Joseph Bidot, a member of the South Puget Sound Community College welding program, lost his life in a head-on collision while driving on Yelm Highway June 1. He was 19 years old.
He was driving eastbound on Yelm Highway, in a 1994 Honda Prelude. Less than a mile east of Spurgeon Creek Road S.E., Bidot’s vehicle crossed the double center line and struck a 2007 Chrysler PT Cruiser head on. Responding EMTs announced Bidot dead at the scene.
The driver of the PT Cruiser is a 32 year-old man from Tumwater. He was transported to Providence St. Peter Hospital with severe injuries, although according to the Washington State Patrol he should survive and recover from his injuries.
Both drivers were wearing their seatbelts and local police report that neither alcohol nor drugs seem to have lead to the collision, the cause of which is still under investigation.
Bidot enjoyed his welding classes at SPSCC and wanted a job in this field. However, “in the future he did want to go to school for automotive [studies]” said his mother, Ms. Cary Bidot.
Ms. Bidot works for the Information Services team at SPSCC, and is responsible for the successful conversion of our administrative computing system that has taken place over the last few months.
Joseph’s former professors, John Goss and Ryan Fowler, say that he will be missed.
“He was really well liked. He had a great personality, he was a fun guy,” said Fowler.
He had just begun his second year in SPSCC’s welding program and was doing very well, but his excellence lied in fixing machinery. Joseph was working with oxy-acetylene, flux-core, and stick welding, but according to Goss, Bidot was “mechanically superb.”
To honor Joseph’s memory, the welding program will be creating a memorial in his name. They are planning on placing at least one piece dedicated to him on the metal shear, the machine through which Joseph dedicated so much to the program.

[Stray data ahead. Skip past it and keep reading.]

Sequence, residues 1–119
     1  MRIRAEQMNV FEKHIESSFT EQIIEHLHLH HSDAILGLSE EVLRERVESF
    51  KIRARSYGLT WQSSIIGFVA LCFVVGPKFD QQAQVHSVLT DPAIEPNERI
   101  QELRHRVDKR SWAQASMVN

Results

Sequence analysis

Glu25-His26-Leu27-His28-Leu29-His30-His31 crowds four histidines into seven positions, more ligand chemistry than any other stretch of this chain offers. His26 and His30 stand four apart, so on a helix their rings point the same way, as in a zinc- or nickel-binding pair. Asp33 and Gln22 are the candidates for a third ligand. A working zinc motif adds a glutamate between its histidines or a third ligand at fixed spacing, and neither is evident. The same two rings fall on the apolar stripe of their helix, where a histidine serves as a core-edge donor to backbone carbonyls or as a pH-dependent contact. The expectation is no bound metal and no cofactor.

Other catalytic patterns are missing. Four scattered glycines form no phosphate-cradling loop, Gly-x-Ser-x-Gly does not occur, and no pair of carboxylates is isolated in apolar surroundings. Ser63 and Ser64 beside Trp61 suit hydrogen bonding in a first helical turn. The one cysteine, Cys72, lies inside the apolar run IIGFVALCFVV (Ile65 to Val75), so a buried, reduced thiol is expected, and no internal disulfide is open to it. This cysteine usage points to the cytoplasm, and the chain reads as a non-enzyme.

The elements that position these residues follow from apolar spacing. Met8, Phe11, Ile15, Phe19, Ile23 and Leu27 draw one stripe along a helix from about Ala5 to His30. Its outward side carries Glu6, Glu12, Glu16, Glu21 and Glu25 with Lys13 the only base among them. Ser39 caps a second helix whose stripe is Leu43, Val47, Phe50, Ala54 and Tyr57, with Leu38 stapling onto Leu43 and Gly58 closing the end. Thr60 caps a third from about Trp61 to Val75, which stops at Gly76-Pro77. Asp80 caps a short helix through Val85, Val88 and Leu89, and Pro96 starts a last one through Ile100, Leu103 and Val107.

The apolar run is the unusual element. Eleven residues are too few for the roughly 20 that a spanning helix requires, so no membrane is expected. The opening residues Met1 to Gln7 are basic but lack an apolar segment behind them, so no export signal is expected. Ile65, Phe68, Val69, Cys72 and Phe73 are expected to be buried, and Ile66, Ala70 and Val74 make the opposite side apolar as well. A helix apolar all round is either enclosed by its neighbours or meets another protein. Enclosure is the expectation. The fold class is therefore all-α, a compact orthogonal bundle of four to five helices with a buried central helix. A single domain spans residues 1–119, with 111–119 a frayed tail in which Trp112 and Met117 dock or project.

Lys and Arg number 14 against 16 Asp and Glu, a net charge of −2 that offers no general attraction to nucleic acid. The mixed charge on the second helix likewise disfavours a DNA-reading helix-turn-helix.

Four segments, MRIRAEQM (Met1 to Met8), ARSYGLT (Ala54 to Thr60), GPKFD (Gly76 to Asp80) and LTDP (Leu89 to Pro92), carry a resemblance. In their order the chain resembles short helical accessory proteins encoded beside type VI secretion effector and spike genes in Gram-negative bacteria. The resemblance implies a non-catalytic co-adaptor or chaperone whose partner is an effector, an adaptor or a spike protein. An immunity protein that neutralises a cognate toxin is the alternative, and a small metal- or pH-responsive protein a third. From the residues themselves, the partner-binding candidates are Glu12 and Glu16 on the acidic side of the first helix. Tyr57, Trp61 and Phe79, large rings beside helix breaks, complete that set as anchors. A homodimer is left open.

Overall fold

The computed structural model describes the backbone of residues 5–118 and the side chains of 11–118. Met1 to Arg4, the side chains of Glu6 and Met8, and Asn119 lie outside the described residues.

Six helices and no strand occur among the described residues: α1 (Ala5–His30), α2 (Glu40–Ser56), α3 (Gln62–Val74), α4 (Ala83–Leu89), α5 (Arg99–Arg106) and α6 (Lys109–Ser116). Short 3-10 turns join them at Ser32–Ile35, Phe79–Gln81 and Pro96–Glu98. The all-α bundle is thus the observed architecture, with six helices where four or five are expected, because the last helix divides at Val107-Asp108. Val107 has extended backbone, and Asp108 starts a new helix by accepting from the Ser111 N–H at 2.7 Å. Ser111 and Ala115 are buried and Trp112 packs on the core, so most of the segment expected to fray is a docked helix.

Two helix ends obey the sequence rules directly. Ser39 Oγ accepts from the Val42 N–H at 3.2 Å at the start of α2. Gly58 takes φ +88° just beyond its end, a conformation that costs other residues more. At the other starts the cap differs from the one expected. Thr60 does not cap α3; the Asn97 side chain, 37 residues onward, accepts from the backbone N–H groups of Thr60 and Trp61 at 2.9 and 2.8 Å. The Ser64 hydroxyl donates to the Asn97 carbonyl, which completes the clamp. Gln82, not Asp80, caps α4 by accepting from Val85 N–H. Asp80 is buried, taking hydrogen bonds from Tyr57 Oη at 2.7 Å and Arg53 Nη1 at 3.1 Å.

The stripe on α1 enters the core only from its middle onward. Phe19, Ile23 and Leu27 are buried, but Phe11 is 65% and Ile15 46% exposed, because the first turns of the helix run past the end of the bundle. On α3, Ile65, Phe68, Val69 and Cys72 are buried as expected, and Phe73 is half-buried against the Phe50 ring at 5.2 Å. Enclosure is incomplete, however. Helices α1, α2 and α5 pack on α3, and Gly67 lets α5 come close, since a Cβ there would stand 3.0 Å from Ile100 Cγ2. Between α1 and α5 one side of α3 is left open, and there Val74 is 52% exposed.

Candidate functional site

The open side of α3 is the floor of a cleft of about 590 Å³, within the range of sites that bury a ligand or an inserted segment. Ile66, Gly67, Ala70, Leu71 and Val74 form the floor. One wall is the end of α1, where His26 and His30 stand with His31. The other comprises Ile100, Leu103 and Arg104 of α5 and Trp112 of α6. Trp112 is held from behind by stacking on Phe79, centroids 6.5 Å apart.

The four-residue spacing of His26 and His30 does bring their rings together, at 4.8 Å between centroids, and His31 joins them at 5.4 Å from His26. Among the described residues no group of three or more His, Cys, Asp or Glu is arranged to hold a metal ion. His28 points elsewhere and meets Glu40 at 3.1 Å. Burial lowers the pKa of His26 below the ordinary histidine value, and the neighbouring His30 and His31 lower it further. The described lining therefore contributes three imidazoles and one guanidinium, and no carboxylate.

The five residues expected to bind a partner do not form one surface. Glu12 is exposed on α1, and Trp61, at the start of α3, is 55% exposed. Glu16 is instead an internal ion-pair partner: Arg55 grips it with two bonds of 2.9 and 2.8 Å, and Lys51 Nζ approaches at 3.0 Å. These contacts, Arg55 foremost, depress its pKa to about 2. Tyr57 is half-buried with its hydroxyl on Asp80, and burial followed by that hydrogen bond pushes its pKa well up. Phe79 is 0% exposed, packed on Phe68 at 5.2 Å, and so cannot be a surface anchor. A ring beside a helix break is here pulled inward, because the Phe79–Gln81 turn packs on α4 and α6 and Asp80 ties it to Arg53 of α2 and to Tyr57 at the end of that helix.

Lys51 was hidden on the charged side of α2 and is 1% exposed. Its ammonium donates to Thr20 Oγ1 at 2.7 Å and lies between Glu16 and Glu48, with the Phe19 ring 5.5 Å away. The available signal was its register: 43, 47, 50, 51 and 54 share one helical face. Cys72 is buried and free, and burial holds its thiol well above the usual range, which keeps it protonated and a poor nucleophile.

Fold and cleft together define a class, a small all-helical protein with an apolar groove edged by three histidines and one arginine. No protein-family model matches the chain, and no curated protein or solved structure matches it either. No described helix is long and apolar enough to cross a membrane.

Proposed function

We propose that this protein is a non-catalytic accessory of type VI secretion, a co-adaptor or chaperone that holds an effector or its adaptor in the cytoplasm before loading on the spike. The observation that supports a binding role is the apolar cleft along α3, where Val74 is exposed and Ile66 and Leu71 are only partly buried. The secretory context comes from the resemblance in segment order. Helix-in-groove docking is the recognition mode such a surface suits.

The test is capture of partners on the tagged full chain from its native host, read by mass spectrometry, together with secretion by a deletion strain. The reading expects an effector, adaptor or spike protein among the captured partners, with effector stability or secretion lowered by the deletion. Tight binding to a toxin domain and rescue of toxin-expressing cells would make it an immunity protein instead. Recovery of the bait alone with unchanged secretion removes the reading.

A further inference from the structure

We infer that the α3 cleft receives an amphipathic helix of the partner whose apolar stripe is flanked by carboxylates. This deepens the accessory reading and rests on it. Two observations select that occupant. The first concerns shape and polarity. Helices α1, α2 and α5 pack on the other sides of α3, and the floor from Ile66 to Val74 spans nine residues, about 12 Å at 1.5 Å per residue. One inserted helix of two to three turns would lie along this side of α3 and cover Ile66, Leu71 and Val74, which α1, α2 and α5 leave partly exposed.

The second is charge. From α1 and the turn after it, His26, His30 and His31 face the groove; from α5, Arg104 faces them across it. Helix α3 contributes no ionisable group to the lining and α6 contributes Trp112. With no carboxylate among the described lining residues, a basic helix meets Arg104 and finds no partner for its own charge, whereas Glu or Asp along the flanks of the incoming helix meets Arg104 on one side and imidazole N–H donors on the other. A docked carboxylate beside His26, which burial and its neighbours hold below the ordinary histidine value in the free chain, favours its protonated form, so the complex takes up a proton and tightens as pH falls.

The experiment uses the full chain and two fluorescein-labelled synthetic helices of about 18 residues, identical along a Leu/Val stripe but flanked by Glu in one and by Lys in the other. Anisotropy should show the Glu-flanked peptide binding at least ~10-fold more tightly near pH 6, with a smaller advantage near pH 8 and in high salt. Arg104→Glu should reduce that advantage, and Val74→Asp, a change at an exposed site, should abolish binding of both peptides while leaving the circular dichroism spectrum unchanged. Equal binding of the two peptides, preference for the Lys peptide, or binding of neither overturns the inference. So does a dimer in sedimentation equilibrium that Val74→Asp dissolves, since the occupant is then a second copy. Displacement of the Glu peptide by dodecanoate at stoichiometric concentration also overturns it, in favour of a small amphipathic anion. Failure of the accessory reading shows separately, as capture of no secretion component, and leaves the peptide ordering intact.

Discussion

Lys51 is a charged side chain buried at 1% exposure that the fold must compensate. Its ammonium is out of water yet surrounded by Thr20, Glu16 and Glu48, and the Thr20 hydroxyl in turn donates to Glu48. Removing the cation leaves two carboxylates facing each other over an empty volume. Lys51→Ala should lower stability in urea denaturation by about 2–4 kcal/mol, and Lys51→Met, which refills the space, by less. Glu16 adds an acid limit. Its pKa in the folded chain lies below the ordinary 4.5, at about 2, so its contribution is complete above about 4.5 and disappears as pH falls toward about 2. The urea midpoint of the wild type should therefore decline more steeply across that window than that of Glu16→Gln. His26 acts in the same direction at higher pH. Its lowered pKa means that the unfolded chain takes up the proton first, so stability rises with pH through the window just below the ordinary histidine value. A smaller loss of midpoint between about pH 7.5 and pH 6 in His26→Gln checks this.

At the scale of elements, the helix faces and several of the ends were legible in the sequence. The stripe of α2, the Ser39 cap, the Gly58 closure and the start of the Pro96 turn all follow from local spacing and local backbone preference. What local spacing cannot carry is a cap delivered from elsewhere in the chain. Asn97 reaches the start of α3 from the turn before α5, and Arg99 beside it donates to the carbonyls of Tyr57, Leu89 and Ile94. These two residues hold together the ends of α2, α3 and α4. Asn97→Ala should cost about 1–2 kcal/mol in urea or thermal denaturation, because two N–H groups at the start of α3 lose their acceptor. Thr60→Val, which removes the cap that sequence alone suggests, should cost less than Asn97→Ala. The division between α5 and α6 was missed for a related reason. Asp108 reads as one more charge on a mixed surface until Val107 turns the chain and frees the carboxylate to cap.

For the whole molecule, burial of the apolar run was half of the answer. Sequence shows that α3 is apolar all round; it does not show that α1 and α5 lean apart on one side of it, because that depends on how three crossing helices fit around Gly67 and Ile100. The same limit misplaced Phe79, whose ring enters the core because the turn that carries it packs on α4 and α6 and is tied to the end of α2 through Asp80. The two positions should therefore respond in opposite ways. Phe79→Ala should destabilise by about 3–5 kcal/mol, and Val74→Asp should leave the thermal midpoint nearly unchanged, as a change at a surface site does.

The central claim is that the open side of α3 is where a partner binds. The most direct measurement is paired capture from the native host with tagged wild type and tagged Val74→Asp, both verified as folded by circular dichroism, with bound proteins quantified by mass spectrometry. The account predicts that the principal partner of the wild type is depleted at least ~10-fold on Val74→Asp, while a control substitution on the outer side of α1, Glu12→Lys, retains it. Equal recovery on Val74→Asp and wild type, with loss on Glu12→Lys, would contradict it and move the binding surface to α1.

According to Ms. Bidot, Joseph grew up in Olympia with a brother and sister, and graduated from Yelm High school. He was interested in cars from a young age.
“When kids would take stuffed animals to bed he would take his toy cars,” she said.
Although he did not play sports, Joseph was interested in collecting matchbox cars and helping his cousins work on automobiles while growing up.
One of Joseph’s biggest accomplishments was his work on the metal cutting shear, a machine that is approximately six feet tall and eight feet wide. He spent four months taking it almost completely apart for repairs.
“Every time something would break down, he’d be the guy to get on there and fix it, which he did wonderfully,” said Fowler.
Joseph’s positive attitude in class also made an impression on his classmates and professors.
When talking about Joseph’s work on the metal cutting shear, Goss said, “There probably aren’t a whole lot of people who would want to do that– because not only was he able to do it, but he was willing to. He enjoyed doing it. A lot of people get tired before they finish it all, and he was enthusiastic about working on it each day.”
Because of Joseph’s passion for mechanics and friendly personality, his death has cast a shadow over the welding program.
“Everybody knew him in some way,” said Fowler. “He was really well liked.”
Although people are beginning to recover from the shock of the accident, they “still kind of have that cloud hanging over the class,” Fowler said.
According to the National Highway and Traffic Safety Administration the average number of traffic deaths per year from 1997 to 2001 was 650.6, and from 2002 to 2006 was 621.4, a 4.5 percent decrease. Similarly, the traffic fatality rate per 100 million vehicle-miles traveled has been decreasing. Over the last several years, the statewide vehicle-miles-traveled have also been decreasing. Washington’s rate remains well below the national average.